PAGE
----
CEBU

Transport, logistics group creates Cebu chapter

STRONGER AS ONE. Philippine Multimodal Transport and Logistics Association Inc. president Marilyn Alberto says they want to boost the competi-tiveness of the country’s transport and logistics industry through world-class services and professio-nal excellence. (SUNSTAR FOTO / AMPER CAMPAÑA)

AN ORGANIZATION composed of air, land and sea forwarders has established a Cebu chapter to support the local transport and logistics industry in the region.

Philippine Multimodal Transport and Logistics Association Inc. (PMTLAI) launched its local chapter Friday, Sept. 13, 2019, during its general membership meeting at the Casino Español de Cebu. The newly organized Cebu chapter is composed of members formerly from the group of the Philippine International Seafreight Forwarders Association (Pisfa) and the Airfreight Forwarders of the Philippines Inc. (AFPI).

Elaine Nolasco from Yusen Logistics Philippines Inc. was elected president of the PMTLAI Cebu Chapter.

PMTLAI president Marilyn Alberto said they want to boost the competitiveness of the country’s transport and logistics industry through world-class services and professional excellence.

“The number one purpose is knowledge sharing. We want to upgrade the level of skills and education of practitioners in the industry. We also want to push for collaboration not only with the government but also in the different sectors locally, regionally and globally,” she said.

PMTLAI was established in October 2017 after majority of the members of AFPI and Pisfa decided to unite and build a stronger organization to represent the freight forwarding and logistics industry in the Philippines.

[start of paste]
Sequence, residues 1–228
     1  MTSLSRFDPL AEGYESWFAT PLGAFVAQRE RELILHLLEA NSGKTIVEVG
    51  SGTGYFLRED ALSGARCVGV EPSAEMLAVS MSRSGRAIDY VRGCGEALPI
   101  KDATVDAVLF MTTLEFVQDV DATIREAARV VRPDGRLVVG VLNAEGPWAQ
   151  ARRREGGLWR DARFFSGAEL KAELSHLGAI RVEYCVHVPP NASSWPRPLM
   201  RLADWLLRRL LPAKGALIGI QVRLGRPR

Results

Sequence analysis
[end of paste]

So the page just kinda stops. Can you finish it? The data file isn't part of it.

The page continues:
Industry concern

With the recent implementation of the Ease of Doing Business Law, Alberto said they have strengthened their collaboration with various government agencies.

“Our association’s relationship with the government is very strong, especially with the Department of Trade and Industry, the Department of Transportation and the Bureau of Customs,” she said.

One of the issues they raised was the absence of a government regulatory body on shipping lines.

“The major concern of the industry is the destination charges of the shipping lines. For airlines, there’s a regulatory body and it’s regulated by the Civil Aeronautics Board (CAB) but in the case of shipping lines, they have the liberty to charge anything that they want and there’s no agency monitoring it,” she said.

The PMTLAI is calling for the creation of a regulatory body that will create policies in terms of imposing destination charges.

“It’s not really the rates we’re questioning because it’s a free market and it’s a commercial decision for you to use them but then the point is at least there are justifications and there would be a public hearing in case there would be increases in rates,” she said.

Alberto said it would be better for the industry to have improved rules on charges for sea shipment cargoes.

“In the CAB, if there’s a fuel surcharge increase there is a public hearing and also there’s a mechanism of a fixed computation on how much should be increased if the cost of fuel increases. But in the case of the shipping lines, they come up with charges. Your shipments will not be released if you cannot pay these charges,” she said. (JOB)


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